Sliding under the spotlight, Kim key for Taegeuk Ladies

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Sliding under the spotlight, Kim key for Taegeuk Ladies


Kim Na-rae dribbles past a Ghana defender during a 2010 U-20 Women’s World Cup match on July 28 in Dresden, Germany.[YONHAP]

While Ji So-yun has been garnering much of the attention with her goal-scoring prowess, Kim Na-rae has quietly led the young Taegeuk Ladies to a spot in the quarterfinals at the U-20 Women’s World Cup in Germany.

Korea climbed to first overall in Group D with a 4-2 win over Ghana last Sunday, giving it a berth in the quarterfinals for the first time ever. It was another convincing win after a 4-0 thrashing over Switzerland in the opening game on July 15.

Ji has made all the highlight reels, scoring a total of five goals in the first two games, including a hat-trick against Switzerland.

But much of the credit for Korea’s success is also tied to the do-it-all midfielder Kim.

Boasting a strong physique and an accurate shot, the dead-ball specialist has been producing key assists and goals for Korea so far at the U-20 Women’s World Cup.

Take her free kick from 30 meters (98 feet) out in the 63rd minute of the second match, which found its way into the net and tied the game against Ghana at two goals apiece.

The goal served as the turning point in the game for Korea, and the team went on to defeat Ghana 4-2. It was also selected as FIFA’s Goal of the Day.

Additionally, Ji’s equalizer in the 41st minute of the match came off Kim’s free kick.

“Kim possesses great size but she also has great control and decision-making skills and improvises well on the fly,” said Choi In-cheul, the U-20 women’s national team manager. “Since she possesses a deadly free kick, we worked on perfecting our set piece plays and it has paid off.”

Listed at 172 centimeters (5 feet 8 inches) and 70 kilograms (154 pounds), the 20-year-old student at Yeoju Institute of Technology in Yeoju, Gyeonggi, boasts the physical strength necessary to jockey for positioning deep in the opposing team’s zone.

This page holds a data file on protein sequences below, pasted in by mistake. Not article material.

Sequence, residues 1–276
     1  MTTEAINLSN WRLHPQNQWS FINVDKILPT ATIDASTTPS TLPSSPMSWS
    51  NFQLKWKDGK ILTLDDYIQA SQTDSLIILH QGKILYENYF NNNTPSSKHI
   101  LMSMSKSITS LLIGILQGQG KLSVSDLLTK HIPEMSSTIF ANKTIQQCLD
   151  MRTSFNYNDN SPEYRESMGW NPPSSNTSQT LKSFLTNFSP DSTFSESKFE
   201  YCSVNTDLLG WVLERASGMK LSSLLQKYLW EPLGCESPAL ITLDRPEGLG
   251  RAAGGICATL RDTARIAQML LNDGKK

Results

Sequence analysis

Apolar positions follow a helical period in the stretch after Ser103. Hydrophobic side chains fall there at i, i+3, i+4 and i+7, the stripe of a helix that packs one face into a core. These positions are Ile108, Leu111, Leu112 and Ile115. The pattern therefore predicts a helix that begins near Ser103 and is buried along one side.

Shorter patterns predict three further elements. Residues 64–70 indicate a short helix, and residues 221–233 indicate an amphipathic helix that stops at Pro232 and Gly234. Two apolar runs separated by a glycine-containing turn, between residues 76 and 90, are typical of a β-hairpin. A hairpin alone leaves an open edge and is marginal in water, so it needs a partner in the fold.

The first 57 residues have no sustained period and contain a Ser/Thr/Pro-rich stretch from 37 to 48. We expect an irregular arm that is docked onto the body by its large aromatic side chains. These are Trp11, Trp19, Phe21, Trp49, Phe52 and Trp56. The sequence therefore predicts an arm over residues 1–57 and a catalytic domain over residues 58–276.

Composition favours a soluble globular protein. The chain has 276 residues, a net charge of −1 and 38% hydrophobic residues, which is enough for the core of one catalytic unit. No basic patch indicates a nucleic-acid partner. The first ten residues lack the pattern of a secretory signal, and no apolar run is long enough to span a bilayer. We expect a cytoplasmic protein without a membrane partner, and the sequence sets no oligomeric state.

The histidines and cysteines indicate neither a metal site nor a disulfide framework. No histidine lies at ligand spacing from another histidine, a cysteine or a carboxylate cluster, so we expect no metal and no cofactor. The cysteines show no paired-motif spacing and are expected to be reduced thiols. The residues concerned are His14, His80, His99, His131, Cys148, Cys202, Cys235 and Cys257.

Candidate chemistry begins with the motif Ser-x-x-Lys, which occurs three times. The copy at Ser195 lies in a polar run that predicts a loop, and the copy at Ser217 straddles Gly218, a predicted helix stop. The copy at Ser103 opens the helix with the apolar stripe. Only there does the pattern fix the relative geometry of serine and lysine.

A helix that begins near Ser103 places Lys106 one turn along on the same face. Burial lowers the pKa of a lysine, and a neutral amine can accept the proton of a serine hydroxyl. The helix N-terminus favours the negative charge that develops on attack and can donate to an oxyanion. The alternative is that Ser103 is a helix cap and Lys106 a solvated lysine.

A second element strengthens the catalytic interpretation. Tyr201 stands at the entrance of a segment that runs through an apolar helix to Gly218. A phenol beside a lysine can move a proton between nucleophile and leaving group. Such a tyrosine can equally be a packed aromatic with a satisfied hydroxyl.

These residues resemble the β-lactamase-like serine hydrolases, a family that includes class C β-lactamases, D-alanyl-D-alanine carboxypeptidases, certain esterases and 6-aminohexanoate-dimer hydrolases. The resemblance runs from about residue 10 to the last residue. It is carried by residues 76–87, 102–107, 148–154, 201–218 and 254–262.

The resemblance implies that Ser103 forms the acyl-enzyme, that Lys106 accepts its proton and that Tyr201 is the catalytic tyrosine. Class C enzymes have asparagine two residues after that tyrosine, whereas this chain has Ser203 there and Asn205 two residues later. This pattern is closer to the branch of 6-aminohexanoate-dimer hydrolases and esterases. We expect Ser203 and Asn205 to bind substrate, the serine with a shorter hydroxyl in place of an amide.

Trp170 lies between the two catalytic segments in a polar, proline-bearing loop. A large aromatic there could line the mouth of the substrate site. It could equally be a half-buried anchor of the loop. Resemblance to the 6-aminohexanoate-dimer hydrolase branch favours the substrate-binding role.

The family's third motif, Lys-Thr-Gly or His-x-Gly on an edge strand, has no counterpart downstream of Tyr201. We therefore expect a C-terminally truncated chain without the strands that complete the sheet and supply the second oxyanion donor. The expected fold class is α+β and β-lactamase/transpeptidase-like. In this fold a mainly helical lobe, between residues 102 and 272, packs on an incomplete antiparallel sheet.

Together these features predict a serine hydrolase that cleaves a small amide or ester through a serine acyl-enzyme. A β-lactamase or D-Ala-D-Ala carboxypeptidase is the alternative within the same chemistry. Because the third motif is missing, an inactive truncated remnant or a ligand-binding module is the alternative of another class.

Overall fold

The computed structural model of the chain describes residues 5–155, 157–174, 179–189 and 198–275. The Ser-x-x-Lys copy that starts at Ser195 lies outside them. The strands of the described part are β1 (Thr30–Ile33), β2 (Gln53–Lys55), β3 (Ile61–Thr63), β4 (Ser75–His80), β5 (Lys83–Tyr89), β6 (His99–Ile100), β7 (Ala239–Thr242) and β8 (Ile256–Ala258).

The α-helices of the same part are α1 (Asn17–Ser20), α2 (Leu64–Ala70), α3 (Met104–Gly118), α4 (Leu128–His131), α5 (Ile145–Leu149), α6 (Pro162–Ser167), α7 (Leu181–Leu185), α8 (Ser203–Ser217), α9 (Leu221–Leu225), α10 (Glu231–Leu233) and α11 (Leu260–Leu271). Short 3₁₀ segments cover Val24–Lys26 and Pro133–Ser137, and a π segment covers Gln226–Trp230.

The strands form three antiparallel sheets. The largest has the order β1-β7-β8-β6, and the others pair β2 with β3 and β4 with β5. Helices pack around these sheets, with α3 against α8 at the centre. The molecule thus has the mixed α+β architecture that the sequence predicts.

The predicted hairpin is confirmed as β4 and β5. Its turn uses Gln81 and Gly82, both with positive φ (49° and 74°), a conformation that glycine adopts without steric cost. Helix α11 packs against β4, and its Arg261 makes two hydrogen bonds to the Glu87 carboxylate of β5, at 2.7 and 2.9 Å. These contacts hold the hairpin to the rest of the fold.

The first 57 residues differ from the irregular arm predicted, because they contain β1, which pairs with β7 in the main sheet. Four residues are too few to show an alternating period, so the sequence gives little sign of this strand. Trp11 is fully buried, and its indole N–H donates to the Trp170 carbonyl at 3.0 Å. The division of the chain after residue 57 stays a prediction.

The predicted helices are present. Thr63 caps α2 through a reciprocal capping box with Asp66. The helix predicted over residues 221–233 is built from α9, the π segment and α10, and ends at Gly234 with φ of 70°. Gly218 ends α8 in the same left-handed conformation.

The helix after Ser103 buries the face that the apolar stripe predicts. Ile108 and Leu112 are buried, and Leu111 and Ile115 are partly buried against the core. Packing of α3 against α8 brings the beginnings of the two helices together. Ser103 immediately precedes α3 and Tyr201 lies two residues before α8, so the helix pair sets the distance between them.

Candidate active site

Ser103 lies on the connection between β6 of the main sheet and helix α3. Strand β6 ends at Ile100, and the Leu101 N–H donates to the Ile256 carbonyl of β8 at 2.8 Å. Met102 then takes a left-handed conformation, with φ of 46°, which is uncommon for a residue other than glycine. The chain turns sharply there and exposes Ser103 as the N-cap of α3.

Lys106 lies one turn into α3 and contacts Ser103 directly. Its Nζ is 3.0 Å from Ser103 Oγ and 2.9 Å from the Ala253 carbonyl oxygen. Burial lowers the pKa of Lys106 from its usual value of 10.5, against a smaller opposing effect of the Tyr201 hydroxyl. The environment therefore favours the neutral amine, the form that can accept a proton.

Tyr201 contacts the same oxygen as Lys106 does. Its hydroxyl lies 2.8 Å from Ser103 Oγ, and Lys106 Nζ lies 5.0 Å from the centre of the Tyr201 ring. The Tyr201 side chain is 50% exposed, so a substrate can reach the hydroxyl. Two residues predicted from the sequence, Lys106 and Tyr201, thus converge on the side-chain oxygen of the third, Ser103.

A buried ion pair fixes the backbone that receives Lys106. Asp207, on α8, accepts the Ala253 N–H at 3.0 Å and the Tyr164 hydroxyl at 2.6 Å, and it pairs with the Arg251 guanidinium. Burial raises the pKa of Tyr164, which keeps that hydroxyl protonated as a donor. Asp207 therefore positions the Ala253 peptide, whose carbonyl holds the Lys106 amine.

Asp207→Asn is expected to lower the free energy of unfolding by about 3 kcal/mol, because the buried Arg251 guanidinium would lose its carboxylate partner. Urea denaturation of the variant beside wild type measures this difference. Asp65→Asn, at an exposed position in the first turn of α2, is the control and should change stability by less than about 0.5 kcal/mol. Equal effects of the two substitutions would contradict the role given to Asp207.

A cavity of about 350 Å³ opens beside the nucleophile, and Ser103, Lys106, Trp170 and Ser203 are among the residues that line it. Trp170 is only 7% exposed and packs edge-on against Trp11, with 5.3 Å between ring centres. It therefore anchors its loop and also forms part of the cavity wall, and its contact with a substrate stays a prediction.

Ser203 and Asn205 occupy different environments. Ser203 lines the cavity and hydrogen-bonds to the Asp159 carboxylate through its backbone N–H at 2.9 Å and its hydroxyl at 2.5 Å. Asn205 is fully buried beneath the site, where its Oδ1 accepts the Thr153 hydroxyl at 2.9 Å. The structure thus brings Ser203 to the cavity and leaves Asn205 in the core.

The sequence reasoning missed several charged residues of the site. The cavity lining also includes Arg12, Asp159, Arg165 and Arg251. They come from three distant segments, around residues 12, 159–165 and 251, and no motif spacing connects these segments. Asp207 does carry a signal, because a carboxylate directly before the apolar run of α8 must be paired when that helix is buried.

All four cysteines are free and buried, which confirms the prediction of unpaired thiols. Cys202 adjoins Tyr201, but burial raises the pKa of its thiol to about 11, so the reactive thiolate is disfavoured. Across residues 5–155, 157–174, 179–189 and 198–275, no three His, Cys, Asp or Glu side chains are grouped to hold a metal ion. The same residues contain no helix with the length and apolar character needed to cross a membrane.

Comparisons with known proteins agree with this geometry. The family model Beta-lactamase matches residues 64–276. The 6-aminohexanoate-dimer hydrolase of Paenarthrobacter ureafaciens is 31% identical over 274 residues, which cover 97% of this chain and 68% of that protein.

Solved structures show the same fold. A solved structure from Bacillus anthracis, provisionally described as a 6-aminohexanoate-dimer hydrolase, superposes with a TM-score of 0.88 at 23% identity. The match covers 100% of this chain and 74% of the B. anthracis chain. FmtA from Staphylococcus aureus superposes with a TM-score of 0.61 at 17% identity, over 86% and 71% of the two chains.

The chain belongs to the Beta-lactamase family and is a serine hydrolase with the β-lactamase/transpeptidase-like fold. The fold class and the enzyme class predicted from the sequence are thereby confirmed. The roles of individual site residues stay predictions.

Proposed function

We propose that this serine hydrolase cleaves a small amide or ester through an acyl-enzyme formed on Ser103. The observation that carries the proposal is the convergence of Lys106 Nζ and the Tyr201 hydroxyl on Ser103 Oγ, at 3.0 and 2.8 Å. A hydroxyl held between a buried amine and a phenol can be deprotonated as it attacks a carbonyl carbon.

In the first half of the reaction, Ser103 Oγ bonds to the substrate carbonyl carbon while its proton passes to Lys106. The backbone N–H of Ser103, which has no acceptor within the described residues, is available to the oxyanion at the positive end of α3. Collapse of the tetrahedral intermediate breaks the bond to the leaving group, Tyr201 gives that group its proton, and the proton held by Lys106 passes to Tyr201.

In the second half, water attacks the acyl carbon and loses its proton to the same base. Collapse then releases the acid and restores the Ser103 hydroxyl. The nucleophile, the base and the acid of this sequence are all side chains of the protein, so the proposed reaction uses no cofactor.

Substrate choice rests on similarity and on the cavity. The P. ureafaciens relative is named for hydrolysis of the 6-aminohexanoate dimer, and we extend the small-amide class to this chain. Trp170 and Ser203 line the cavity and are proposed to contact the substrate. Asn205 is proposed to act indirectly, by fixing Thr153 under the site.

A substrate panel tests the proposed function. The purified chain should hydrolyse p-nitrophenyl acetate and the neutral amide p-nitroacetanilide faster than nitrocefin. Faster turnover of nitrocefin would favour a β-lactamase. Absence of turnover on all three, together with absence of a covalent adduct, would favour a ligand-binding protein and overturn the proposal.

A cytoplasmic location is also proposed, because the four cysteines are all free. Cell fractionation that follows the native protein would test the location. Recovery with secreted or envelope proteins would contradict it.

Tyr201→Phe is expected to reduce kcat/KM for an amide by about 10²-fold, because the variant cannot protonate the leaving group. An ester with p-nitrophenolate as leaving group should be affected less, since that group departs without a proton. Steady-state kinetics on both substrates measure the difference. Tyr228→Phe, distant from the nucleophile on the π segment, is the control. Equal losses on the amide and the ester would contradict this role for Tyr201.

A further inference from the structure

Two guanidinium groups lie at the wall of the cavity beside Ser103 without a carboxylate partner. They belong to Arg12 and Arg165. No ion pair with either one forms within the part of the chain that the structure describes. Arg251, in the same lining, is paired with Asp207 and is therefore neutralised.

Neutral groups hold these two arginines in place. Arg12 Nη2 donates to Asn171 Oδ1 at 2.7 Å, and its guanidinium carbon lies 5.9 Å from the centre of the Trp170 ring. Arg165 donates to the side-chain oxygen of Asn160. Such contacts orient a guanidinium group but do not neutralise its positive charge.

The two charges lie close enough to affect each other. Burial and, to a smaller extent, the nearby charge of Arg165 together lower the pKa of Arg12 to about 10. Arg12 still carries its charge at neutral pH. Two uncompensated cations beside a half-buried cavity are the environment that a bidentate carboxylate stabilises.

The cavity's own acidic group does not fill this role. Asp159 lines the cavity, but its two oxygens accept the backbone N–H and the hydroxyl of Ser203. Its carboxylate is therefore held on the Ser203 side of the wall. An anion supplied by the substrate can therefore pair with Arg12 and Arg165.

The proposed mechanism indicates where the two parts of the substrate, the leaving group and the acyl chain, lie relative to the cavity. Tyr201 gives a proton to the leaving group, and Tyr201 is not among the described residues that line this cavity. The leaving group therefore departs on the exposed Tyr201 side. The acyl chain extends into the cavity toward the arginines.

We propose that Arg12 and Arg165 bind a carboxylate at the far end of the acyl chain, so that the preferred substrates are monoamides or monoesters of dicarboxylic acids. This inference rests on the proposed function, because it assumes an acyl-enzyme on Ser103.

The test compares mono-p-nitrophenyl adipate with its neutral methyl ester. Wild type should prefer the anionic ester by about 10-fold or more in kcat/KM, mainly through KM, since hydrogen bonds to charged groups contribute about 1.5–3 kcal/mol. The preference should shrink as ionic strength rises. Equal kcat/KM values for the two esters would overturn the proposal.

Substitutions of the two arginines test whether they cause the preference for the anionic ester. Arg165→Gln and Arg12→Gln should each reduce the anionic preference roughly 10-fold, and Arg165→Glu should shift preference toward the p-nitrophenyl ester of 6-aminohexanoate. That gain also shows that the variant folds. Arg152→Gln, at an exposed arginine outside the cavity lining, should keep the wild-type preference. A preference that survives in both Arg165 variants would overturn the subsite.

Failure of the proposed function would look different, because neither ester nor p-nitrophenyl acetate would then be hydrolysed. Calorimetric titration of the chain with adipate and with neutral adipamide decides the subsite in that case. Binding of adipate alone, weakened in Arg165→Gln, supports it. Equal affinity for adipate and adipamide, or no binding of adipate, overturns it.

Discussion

She appears to lack the quickness often found in smaller players, but she has great timing on her shots and, as Choi said, can improvise on the fly.

Kim has also shown her ability to find the net this year, taking the top scoring honor at a national women’s collegiate tournament held on Jeju Island in May.

Although her build comes in handy against defenders on the pitch, it was a cause of frustration in the past. During her days at Buheung Middle School in Anyang, Gyeonggi, Kim was known for frequently committing fouls because most defenders would bounce off her or fall to the ground upon coming into contact with her.

And as a student at Ohsan Information High School, male schoolmates in their first and second year had trouble keeping up with Kim in physical battles on the field.

“Those who come into contact with Na-rae on the field all tend to go bouncing off her,” said Kim’s Yeoju Institute of Technology teammate Kim Jin-young.

Up until two years ago, she had trouble channeling her strength properly, and her positioning was often off. These shortcomings prevented her from contributing to the overall team effort.

Choi, who started coaching Kim two years ago, helped the up-and-coming player turn her shortcomings into strengths. Her ball-handling skills and ability to distribute from the midfield has noticeably improved this year.

Having finally managed to piece her talents together, Kim has earned the moniker “Female Rooney” - a reference to English national team and Manchester United forward Wayne Rooney. Kim’s favorite football player.

With a place in the quarterfinals secured, Korea faces the defending U-20 Women’s World Cup champions, the United States, early tomorrow morning starting at 1 a.m., Korea time.

By Choi Won-chang []
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